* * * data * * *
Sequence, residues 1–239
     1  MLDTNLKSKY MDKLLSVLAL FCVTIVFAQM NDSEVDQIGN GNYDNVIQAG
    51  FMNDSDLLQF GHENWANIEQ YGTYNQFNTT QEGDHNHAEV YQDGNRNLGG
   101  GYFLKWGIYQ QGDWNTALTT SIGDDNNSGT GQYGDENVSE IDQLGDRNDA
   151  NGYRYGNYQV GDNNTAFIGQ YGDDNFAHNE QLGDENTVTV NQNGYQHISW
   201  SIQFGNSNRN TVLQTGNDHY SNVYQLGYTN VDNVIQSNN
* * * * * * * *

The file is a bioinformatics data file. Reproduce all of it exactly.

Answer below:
Sequence, residues 1–239
     1  MLDTNLKSKY MDKLLSVLAL FCVTIVFAQM NDSEVDQIGN GNYDNVIQAG
    51  FMNDSDLLQF GHENWANIEQ YGTYNQFNTT QEGDHNHAEV YQDGNRNLGG
   101  GYFLKWGIYQ QGDWNTALTT SIGDDNNSGT GQYGDENVSE IDQLGDRNDA
   151  NGYRYGNYQV GDNNTAFIGQ YGDDNFAHNE QLGDENTVTV NQNGYQHISW
   201  SIQFGNSNRN TVLQTGNDHY SNVYQLGYTN VDNVIQSNN